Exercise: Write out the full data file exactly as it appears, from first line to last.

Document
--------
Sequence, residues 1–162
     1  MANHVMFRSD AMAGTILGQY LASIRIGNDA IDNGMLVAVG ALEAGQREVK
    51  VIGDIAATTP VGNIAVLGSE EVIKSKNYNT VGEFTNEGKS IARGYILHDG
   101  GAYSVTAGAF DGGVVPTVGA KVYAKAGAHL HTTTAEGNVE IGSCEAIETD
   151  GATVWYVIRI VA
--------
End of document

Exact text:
Sequence, residues 1–162
     1  MANHVMFRSD AMAGTILGQY LASIRIGNDA IDNGMLVAVG ALEAGQREVK
    51  VIGDIAATTP VGNIAVLGSE EVIKSKNYNT VGEFTNEGKS IARGYILHDG
   101  GAYSVTAGAF DGGVVPTVGA KVYAKAGAHL HTTTAEGNVE IGSCEAIETD
   151  GATVWYVIRI VA